Two of the foremost LGBTQ+ rights activists of the century, Marsha P. Johnson and Sylvia Rivera, are finally being honored for their work in the community and their participation in the 1969 Stonewall Riots. A monument will be erected in New York City's Greenwich Village, near the site of the Stonewall Inn itself, dedicated to the pair's perseverance and unrelenting spirits.

The activists, who together co-founded the Street Transvestite Action Revolutionaries (STAR) advocacy network to help homeless queer and transgender youth in New York City, are long overdue for a monument of their own.

Johnson and Rivera were two of the gay liberation movement's most active supporters, but for many years were erased from stories and accounts about the movement by largely cisgender and white spaces and narratives. Only recently have the two pillars of the community been named in some mainstream accounts of the Stonewall Riots or the gay liberation movement. Still, far too few accounts or conversations include the activists or address their immense contributions to the community.

Rivera was outspoken about the erasure of her jailed "gay brothers and sisters," whom which she was fighting for, by a white middle class for years. An especially poignant 1973 speech by Rivera shows her resisting against a crowd of gay people trying to silence her advocacy of jailed community members. She does not back down from boos and calls for her to get off the microphone, she pushes forward against the screams and calls for "revolution, now." She also mentions the East Village-located STAR House where herself and Johnson housed homeless LGBTQ+ youth.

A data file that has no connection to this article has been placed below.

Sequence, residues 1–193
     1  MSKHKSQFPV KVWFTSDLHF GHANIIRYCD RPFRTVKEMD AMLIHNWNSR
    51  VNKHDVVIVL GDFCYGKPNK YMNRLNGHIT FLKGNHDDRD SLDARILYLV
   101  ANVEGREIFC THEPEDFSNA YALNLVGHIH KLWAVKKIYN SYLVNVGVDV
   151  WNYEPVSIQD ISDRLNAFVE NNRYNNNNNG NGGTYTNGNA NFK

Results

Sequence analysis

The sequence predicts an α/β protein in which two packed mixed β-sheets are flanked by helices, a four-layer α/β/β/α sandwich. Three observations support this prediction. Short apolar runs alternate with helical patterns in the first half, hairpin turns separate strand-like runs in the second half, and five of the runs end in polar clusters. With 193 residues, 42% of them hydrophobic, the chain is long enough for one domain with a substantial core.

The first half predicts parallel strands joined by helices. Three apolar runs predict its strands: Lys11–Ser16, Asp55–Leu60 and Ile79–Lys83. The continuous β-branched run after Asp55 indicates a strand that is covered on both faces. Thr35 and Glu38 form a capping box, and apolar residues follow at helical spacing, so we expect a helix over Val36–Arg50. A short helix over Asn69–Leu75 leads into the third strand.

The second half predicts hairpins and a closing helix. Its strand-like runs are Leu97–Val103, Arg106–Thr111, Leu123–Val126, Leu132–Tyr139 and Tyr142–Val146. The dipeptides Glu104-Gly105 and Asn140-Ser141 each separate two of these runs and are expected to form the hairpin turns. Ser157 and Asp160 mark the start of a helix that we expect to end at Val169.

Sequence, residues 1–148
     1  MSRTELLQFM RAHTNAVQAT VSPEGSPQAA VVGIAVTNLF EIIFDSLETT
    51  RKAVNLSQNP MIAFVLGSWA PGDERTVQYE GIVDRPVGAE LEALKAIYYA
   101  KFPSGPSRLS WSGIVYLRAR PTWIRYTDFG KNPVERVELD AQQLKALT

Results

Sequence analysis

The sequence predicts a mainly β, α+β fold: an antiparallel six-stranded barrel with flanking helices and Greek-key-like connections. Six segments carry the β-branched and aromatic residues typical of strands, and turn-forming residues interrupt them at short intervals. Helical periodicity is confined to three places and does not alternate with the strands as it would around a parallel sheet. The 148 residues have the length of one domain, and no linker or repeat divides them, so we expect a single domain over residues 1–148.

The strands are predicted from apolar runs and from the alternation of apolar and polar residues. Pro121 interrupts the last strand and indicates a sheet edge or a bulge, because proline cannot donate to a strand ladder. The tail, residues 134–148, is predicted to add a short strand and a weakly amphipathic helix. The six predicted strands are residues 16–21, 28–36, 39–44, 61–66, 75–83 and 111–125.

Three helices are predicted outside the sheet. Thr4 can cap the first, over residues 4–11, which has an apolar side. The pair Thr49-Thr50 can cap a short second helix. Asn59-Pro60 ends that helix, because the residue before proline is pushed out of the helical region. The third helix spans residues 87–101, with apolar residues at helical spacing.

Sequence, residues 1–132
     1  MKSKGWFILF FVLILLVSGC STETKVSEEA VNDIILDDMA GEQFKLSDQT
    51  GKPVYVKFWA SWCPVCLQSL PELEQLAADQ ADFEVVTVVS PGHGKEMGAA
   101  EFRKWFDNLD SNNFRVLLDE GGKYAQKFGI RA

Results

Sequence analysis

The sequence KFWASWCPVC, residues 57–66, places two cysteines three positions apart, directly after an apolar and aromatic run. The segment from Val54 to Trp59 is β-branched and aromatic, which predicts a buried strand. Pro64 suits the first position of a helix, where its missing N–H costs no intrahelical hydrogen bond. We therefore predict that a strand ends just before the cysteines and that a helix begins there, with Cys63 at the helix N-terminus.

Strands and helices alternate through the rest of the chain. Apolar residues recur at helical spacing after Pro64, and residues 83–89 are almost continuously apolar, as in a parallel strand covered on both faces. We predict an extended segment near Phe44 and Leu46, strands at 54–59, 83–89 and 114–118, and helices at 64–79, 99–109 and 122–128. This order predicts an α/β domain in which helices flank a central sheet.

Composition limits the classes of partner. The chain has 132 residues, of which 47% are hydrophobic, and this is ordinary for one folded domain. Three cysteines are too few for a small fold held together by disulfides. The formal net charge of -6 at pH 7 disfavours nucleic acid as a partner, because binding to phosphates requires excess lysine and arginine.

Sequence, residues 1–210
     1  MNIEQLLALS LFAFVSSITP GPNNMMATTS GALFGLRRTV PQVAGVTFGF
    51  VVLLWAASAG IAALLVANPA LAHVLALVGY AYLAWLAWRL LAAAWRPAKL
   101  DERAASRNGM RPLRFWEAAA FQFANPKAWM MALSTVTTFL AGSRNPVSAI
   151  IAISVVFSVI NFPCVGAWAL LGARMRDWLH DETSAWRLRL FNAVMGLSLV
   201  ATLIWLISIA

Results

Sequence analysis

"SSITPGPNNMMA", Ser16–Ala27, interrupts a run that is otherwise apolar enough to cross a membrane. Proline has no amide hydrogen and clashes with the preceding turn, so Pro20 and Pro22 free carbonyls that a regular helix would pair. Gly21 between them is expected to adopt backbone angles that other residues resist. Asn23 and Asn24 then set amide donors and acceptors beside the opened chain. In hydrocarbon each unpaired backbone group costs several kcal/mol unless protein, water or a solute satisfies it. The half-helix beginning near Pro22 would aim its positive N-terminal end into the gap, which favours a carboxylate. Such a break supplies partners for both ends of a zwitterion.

Both Johnson and Rivera are now deceased, having passed away in 1992 at age 46 and 2002 at age 50, respectively. The announcement of the monuments, which have yet to be commissioned, comes at the beginning of Pride Month, as well as the 50th Anniversary of the Stonewall Riots. In a world where Pride has become a rather monotonous performance of outdated values, and oftentimes trans erasure, it is important that Johnson and Rivera, as well as their causes, are brought to the forefront.

Below, you can find a list of activist organizations that honor Johnson and Rivera's mission and work fervently to keep their voices and visions alive.

Photo courtesy of Tribeca Film Festival

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